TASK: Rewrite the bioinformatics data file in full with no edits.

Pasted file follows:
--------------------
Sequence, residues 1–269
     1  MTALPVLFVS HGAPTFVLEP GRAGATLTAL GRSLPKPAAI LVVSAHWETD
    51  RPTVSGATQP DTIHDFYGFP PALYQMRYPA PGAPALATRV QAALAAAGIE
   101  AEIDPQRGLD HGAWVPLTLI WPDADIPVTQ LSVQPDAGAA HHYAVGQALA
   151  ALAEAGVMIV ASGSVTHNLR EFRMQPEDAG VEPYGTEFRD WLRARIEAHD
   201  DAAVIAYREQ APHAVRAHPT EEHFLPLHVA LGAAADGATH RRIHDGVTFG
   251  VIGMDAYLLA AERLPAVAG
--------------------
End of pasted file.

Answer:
Sequence, residues 1–269
     1  MTALPVLFVS HGAPTFVLEP GRAGATLTAL GRSLPKPAAI LVVSAHWETD
    51  RPTVSGATQP DTIHDFYGFP PALYQMRYPA PGAPALATRV QAALAAAGIE
   101  AEIDPQRGLD HGAWVPLTLI WPDADIPVTQ LSVQPDAGAA HHYAVGQALA
   151  ALAEAGVMIV ASGSVTHNLR EFRMQPEDAG VEPYGTEFRD WLRARIEAHD
   201  DAAVIAYREQ APHAVRAHPT EEHFLPLHVA LGAAADGATH RRIHDGVTFG
   251  VIGMDAYLLA AERLPAVAG